Coral growth (specifically, linear extension, density, calcification) was quantified for three coral species (Acropora muricata (cf. A. formosa), Pocillopora damicornis, and Isopora palifera) that were common and abundant at widely separated locations along the length of the GBR. Acropora muricata is a staghorn coral that often dominates in shallow water lagoons, forming large mono-specific thickets. P. damicornis is an abundant, ubiquitous species and the recent amendment of the Pocillopora complex taxonomy52 was used to aid identification of P. damicornis. I. palifera is abundant in high wave energy areas forming submassive clumps that contain columns and ridges53.
This study was conducted at three distinct locations, spread along 1,187 km of Australia’s Great Barrier Reef (Fig. 1). The northernmost location was Lizard Island (14.7°S), followed by Davies Reef (18.8°S) and Trunk Reef (18.4°S), and finally Heron Island (23.4°S) in the south. At each of the three locations, coral growth was documented at 2 sites for A. muricata and P. damicornis, but only 1 site for I. palifera. Study sites were specifically selected to provide comparable habitat and depth (5 m) at each reef, while also selecting areas with high abundance of each of the specific study species. In the central sector, P. damicornis was poorly represented at the first reef visited (Davies Reef) and therefore, additional sampling was undertaken at another nearby reef, Trunk Reef (Fig. 1I).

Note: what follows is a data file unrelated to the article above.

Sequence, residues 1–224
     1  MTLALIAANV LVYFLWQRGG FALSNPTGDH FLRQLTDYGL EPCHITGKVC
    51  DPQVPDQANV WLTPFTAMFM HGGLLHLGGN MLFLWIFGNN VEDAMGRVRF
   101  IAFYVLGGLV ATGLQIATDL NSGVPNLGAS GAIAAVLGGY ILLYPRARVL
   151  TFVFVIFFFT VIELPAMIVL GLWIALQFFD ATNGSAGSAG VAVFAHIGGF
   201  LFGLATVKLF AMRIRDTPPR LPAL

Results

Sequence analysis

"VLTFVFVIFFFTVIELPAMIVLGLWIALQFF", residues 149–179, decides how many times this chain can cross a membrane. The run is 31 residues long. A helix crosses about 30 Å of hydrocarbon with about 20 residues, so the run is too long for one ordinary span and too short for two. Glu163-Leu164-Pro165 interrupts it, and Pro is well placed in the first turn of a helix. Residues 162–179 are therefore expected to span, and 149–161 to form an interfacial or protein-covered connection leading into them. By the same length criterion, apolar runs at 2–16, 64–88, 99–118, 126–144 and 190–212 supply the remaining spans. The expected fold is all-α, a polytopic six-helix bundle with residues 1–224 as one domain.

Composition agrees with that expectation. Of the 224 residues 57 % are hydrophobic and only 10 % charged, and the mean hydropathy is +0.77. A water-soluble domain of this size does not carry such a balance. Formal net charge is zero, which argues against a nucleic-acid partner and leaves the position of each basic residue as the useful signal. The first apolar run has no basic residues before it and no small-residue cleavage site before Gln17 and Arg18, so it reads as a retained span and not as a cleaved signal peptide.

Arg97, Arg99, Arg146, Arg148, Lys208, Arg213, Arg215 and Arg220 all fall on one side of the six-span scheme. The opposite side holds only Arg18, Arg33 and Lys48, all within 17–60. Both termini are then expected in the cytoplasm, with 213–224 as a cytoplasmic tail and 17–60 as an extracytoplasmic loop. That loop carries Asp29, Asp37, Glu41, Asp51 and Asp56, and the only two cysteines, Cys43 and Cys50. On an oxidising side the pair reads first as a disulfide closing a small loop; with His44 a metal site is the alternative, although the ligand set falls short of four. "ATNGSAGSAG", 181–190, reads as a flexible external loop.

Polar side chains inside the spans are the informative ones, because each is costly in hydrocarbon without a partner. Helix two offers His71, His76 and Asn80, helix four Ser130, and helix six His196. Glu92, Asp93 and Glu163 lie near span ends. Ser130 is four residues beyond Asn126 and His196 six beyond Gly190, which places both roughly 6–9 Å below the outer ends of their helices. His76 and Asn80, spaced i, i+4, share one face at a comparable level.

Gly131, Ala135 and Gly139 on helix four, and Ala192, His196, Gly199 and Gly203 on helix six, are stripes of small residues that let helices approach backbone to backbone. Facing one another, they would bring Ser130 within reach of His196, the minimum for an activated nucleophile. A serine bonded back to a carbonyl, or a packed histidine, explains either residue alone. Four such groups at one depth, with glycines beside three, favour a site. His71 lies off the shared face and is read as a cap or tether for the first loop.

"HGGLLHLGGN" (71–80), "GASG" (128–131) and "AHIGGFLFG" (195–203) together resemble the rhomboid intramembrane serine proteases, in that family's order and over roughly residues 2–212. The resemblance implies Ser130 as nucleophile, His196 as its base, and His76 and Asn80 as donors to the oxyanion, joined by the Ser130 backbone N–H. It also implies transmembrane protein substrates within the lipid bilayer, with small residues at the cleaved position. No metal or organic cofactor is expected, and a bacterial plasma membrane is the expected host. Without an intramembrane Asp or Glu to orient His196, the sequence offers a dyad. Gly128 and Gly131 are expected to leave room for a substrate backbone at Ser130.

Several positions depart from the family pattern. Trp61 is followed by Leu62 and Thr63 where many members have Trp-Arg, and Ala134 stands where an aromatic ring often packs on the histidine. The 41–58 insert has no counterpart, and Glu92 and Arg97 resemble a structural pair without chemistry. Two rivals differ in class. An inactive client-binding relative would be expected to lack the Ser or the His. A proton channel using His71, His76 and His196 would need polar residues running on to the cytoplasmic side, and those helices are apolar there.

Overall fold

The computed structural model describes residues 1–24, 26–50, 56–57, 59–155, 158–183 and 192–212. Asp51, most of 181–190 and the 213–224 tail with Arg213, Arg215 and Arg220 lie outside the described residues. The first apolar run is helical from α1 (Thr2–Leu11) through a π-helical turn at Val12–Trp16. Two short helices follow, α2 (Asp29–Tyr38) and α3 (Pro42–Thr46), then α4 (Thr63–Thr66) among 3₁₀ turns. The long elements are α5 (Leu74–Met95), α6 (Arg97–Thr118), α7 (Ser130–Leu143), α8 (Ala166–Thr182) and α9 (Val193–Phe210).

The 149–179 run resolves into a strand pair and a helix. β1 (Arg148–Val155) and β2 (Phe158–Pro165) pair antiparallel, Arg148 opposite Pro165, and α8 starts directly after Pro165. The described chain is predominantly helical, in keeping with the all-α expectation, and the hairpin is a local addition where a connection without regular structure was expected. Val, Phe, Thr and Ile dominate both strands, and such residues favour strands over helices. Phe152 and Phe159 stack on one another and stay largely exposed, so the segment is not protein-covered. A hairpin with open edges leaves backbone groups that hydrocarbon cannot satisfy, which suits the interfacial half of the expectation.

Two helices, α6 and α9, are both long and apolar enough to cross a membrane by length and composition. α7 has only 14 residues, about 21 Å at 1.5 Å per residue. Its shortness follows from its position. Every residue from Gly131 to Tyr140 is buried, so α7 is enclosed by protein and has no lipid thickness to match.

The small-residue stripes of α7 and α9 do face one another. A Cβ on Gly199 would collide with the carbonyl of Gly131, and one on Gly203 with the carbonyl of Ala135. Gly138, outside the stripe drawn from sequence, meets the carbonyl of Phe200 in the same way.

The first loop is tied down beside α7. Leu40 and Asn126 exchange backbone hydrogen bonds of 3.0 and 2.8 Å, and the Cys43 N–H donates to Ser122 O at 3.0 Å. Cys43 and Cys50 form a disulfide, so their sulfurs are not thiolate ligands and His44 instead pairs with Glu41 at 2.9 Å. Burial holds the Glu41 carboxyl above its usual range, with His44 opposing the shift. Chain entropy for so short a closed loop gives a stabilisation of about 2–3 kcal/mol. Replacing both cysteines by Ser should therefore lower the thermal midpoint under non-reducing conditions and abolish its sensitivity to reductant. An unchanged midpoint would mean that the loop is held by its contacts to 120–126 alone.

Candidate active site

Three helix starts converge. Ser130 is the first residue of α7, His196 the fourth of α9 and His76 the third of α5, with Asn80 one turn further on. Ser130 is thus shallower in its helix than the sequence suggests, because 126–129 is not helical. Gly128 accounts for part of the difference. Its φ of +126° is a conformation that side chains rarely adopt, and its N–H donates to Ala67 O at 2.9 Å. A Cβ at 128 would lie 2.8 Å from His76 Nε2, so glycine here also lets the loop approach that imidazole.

To quantify growth rates for each coral species, replicate colonies and/or branches were stained in situ using Alizarin Red54. As calcification takes place, the dye gets incorporated into the skeleton producing a permanent reference against which to measure all subsequent skeletal growth. The concentration of Alizarin used was 12 mg L−1 and corals were exposed to the dye for 4 hours during the daylight hours of 900–160054. Stained corals were marked with cattle tags attached to the colony base, away from the growing tips to minimise disruption to growth. In total, 240 colonies of A. muricata, 120 colonies of P. damicornis and 30 colonies of I. palifera were stained. Once collected, branches and colonies were placed in 10% sodium hypochlorite to remove the coral tissue and expose the skeleton (Fig. 2).